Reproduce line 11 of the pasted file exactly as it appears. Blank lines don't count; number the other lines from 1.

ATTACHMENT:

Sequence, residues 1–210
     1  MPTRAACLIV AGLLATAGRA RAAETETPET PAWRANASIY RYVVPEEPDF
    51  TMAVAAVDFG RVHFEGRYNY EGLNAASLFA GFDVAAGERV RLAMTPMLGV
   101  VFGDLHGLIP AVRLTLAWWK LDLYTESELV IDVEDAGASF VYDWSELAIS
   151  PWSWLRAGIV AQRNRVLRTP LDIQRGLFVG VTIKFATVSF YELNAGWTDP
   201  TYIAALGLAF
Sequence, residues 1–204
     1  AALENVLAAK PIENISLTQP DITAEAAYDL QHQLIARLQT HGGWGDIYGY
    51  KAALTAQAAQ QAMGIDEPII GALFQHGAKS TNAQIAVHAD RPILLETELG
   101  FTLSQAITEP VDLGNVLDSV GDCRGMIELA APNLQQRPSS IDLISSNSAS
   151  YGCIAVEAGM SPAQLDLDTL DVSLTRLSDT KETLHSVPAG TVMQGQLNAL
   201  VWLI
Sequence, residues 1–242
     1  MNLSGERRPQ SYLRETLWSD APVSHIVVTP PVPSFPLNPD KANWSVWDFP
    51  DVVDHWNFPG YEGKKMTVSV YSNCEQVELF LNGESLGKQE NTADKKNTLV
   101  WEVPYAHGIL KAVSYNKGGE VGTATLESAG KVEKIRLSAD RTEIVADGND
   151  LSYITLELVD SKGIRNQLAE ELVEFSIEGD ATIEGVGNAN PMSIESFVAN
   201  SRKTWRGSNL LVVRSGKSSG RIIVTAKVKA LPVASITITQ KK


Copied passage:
   151  YGCIAVEAGM SPAQLDLDTL DVSLTRLSDT KETLHSVPAG TVMQGQLNAL